We recently had our first Motion Design Showcase, and it was very cool to see so many creative motion graphic works from different classes. I decided I would present my own work here on OOMPH. Although, I’m not sure what I should talk about. Ha Ha. But I will try.
I have a background in Graphic Design, but Motion Design is kind of new to me. I’ve never used After Effects a lot before I came to VFS Digital Design — just for keying the green screen and interface knowledge.
Our Term 1 Motion Project was to create a 20-45 second Motion Graphic Video with a story and some graphic animations. When I first got the brief, I struggled with it a lot — for two reasons: First of all, deciding on a story was hard for me; And secondly, I was unsure about what I could do with my limited After Effects knowledge.
I started to storyboard, but I made changes more than 20 times to my story. I was the last one to hand in my assignment. I discussed it with Kyle Norby (my Motion Design1 instructor) in class, and he suggested that it might be a good idea to stay with what I originally had in mind and just work more on it. He was right. So I went back to what I had in the beginning, and started to think about what kind of things I could do with my story. The next week I met with Kyle again, and I showed him my nice hand drawn storyboard (it took me for one week to finish it). But he only told me that the thing I was trying to make was “OK, just OK”. He said he felt it was a little bit boring, and he pushed me to go beyond what I showed him. I decided I wanted to challenge myself this time to make something not so boring.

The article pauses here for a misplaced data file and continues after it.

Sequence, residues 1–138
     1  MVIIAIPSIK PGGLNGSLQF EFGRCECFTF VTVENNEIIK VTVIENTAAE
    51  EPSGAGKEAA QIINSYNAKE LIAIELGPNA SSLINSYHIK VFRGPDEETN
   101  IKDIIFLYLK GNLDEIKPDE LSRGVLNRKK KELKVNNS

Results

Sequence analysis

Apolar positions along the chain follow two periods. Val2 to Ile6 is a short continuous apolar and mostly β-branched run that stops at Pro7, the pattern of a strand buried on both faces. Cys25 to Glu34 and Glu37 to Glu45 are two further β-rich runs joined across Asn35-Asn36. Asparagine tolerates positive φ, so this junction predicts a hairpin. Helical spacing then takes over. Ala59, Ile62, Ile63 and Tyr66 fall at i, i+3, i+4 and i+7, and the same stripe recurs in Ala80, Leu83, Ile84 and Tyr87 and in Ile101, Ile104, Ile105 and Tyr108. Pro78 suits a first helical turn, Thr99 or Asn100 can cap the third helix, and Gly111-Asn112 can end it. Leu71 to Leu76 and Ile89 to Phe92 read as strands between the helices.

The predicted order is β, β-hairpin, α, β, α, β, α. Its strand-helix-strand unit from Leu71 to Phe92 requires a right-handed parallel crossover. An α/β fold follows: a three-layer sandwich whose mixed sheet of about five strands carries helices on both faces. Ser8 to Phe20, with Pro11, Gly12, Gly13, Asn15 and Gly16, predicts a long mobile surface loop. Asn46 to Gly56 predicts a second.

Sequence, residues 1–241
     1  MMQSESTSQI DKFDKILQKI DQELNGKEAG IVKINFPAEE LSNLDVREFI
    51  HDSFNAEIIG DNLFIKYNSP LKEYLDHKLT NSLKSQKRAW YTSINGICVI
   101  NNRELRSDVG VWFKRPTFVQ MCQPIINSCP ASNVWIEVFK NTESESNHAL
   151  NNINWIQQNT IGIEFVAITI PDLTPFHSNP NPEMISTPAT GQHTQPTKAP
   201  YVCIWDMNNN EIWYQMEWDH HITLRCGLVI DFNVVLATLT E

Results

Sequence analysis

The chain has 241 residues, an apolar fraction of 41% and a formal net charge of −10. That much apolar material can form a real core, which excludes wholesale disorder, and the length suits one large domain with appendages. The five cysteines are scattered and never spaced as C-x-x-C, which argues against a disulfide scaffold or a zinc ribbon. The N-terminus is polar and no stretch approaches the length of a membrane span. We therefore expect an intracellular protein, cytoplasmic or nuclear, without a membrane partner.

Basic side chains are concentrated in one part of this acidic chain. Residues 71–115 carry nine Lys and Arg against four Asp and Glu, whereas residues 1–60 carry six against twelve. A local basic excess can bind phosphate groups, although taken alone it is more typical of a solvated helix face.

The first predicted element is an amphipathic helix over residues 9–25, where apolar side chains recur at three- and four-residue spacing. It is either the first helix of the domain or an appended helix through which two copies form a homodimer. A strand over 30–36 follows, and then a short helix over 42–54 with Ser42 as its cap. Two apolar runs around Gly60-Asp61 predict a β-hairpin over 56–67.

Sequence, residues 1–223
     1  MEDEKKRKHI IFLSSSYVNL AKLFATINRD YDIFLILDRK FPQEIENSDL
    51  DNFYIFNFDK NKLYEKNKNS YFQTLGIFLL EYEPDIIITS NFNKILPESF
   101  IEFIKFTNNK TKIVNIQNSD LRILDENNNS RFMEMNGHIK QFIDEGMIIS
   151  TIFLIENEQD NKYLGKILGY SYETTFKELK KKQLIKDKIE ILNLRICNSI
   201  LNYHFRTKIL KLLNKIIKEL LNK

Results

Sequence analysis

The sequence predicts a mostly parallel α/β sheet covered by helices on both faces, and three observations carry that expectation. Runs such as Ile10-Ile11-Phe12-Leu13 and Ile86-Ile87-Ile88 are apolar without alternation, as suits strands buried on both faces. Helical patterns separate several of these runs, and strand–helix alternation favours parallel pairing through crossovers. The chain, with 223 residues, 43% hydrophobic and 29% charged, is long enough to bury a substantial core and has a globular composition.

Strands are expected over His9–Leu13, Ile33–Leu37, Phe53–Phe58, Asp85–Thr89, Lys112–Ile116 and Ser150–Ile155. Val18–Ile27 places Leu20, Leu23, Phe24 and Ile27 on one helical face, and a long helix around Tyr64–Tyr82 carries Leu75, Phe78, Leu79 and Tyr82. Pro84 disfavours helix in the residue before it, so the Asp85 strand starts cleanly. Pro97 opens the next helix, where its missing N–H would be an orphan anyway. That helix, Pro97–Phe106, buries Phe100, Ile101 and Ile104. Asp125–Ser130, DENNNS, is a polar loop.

Considering my limited understanding of After Effects, I made the smart decision to stay simple. My story is about a person doing a free kick, with a ball pass to his teammate, and his teammate then passes to another teammate, and finally they get a goal. My tag line is: Achieve your goal — every step counts. So, I decided to use three simple shapes in my video and animate them: Circle; Square; and Triangle. I went to Vimeo and found lots and lots of cool animation videos and watched them frame-by-frame. Especially ones by Jorge R. Canedo Estrada. I like his style so much, and he inspires me so much. I love how he makes simple shapes have personality, and the way he animates. I remember a quote from Jorge: “How can you expect your work to be good if you can’t even make one frame good?”
I started planning out how every signal frame could be good. In addition, most of the time I played with key frames. I had a lot of key frames and they were dancing in my brain. I stayed awake for 45 hours to do my motion piece over the weekend and my wife complained to me that I am too crazy. I did hand drawings on 51 frames for my motion piece (it cost me 16 hours). But finally I did it. I created my first motion graphic. I’m happy with it in the end, even thought there are a lot things I could fix to make it better.
My classmates think I must be good at After Effects. But I say no — the secret is I spent almost double the amount of time on this that I should have, and I only slept 4 hours a day every day in term 1. Even when I slept, I dreamt about my motion concept and how to change my animation. Oh, but I do have strong Photoshop and Illustration skills and I have a good understanding of animation principles. Oh, and one more thing I would like say is, watching good animation or motion graphic videos frame by frame is a good way to learn animation principles.
In the end, I want to say thank you to Kyle Norby. He is the one who pushed me to be better and better.
Here’s my storyboard and the Motion Video:
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